In this paper, a MISO fading channel model is considered, where there are transmit antennas and only one receive antenna as shown in Fig. 1. The channels are assumed to be flat block fading, then the channel input-output relation can be written as

(1)

where denotes the MISO channel vector, is the transmit signal vector, and represents the complex additive white Gaussian noise with zero mean and variance . It is assumed that the transmission power is uniformly allocated across the transmit antennas, and the channels are assumed to be arbitrarily correlated and not necessarily identically distributed.

Figure 1: MISO system model.

The average transmit SNR is defined as , where is the average transmit power of the system and denotes the bandwidth. The channel state information is assumed to be only available at the receiver and the instantaneous channel power gain of the th channel is defined by , where is the th component of the fading vector . In this paper, we consider the maximum ratio transmission scheme, hence the instantaneous channel power gain at the receiver end can be defined by . The joint MGF is defined by . Specifically, if the channels are independent with each other, then the joint MGF can be expressed by the product of the MGF of individual channel’s power gain as

(2)

where is defined by and is the PDF of the th channel’s power gain.

3 Effective Rate Analysis Using MGF

Effective rate is the maximum constant rate that a fading channel can support under statistical delay constraints, which can be written as [1]

(3)

where represents the system’s throughput during a single time block and denotes the duration of a time block. The QoS exponent is given by [1]

(4)

where is the equilibrium queue-length of the buffer at the transmitter. When is large, the buffer violation probability can be approximated by . Correspondingly, if we denote the steady-state delay at the buffer by , then the probability of exceeding the maximum allowed delay can be given by , where is determined by the characters of the queueing system [22]. Hence the minimum required QoS exponent is decided by the delay constraints, and in order to guarantee the delay performance, the QoS exponent has to satisfy the constraint . Moreover, when , the effective rate approaches the Shannon’s capacity [22].

When the transmitter sends uncorrelated circularly symmetric zero-mean complex Gaussian signals, the effective rate can be written as [22]

(5)

where . Normally, (5) will involve multiple integrations of multivariate functions, since the PDF of is described by multivariate random variables in general cases. Yet by using the MGF instead of PDF and applying the H transform theory, the effective rate can be derived as follows.

Theorem 1:

The effective rate over arbitrary correlated and not necessarily identically distributed MISO fading channels can be given by

(6)
(7)

where and .

Proof.

See Appendix .2. ∎

Remark: The integral form of the effective rate of MISO fading channels can be obtained by using H transform definition and substituting the identity of [23, eq.(2.22)] into (6), which can be written as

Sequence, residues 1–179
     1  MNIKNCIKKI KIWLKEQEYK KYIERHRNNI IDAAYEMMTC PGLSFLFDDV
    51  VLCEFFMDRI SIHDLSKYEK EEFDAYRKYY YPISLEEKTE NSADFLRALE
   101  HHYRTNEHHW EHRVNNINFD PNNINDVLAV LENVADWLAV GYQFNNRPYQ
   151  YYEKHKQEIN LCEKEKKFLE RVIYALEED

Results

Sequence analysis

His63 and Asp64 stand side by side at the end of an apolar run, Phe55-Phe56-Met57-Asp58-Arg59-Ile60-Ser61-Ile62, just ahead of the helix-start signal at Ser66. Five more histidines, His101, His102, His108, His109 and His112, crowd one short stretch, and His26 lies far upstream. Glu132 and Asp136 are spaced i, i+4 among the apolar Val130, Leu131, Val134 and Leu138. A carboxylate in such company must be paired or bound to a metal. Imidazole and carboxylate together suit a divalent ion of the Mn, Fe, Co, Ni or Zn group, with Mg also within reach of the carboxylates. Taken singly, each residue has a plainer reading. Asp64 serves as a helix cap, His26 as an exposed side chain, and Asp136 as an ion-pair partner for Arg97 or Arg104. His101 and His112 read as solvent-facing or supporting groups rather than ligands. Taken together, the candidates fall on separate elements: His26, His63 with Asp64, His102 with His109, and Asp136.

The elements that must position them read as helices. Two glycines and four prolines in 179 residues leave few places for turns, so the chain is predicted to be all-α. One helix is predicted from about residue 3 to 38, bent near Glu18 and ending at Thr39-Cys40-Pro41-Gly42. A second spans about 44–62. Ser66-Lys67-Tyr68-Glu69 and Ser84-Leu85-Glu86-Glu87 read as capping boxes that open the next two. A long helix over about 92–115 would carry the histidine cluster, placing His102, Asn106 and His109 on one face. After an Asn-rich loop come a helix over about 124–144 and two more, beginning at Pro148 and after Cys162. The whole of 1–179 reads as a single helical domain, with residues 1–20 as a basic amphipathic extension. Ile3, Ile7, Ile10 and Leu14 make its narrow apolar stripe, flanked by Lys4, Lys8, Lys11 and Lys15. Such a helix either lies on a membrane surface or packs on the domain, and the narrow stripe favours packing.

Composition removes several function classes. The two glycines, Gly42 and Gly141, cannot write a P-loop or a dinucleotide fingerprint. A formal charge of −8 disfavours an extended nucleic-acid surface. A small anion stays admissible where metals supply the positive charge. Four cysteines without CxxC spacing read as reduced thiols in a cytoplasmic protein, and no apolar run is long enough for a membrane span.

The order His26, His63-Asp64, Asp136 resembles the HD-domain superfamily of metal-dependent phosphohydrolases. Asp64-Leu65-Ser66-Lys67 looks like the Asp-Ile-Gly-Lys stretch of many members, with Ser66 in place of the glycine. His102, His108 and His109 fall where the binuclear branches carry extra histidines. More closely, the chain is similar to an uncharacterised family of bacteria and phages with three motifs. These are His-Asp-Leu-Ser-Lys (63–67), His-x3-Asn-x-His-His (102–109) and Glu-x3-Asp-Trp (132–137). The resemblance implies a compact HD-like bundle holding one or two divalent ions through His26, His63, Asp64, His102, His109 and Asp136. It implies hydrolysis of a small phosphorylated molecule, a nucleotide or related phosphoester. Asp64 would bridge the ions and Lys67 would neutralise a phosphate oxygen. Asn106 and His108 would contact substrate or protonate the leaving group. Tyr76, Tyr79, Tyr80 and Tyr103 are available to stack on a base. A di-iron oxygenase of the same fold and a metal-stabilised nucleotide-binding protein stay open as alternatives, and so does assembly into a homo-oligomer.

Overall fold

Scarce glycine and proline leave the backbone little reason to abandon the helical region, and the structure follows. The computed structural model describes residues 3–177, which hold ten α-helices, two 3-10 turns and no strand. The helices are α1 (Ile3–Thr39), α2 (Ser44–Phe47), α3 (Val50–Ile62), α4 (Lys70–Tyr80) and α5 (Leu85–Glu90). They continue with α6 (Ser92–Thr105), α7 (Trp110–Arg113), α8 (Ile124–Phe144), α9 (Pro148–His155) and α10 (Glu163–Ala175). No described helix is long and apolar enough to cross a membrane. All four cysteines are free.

(8)

Using the fact that , the integral can be proved to be absolutely converge. Hence the H transform in (6) and (7) exist.

We highlight that (6) and its equivalent (7) in H transform form are more attractive than the integral form in (8). On one hand, the MGF of most commonly used fading distributions can be written in Fox’s H function format[24], which facilitates the application of Theorem 1. On the other hand, we can interpret the effective rate as the H transform of the PDF or MGF of the power gain by the parameter sequence and with some more manipulations. It has been studied in [20] that many important metrics such as ergodic capacity, error probability, error exponent can be expressed in similar H transform format with corresponding parameter sequences. Note that one merit of H transform is that the manipulation of parameter sequences only involves very basic arithmetic operations, hence the H transform representation can provide a unified, systematic and simple framework for wireless performance analysis such as effective rate. In addition, in Section 4, we will show that for deriving MGF from the known PDF or analysing effective rate over SISO, i.n.i.d. and correlated scenarios, H transform is a very useful analysing tool.

In addition, compared to the PDF based approach, the MGF based approach has many advantages. First, the PDF based approach can be viewed as a special case of the MGF based approach. This is due to the fact that in the PDF based approach, the joint PDF has to be obtained in advance of further analysis. When the joint PDF is available, by using the relationship of PDF and MGF, it can be proved that the PDF based approach is involved in the case of in the proposed MGF based approach. Second, in the i.n.i.d. scenarios, the joint MGF can be calculated by the product of the individual channels’ MGF, which enables the analyses where the PDF based approach has difficulties [25, 11]. This feature makes the analysis more flexible and applicable to different and complex channel conditions.

4 Exact effective rate over MISO fading channels